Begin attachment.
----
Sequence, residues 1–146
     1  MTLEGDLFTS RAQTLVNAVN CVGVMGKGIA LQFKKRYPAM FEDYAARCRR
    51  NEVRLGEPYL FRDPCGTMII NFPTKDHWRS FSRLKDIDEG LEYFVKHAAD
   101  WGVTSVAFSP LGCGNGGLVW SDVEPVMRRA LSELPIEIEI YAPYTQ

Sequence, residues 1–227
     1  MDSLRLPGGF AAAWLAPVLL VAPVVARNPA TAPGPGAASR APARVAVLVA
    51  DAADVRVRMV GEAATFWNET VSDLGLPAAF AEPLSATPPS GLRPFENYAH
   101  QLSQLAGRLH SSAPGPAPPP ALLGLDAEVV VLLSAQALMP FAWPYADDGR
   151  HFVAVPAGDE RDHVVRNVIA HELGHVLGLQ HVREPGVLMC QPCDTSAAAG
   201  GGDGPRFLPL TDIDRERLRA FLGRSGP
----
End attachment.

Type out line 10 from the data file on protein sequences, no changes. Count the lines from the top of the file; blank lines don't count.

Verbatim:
   201  GGDGPRFLPL TDIDRERLRA FLGRSGP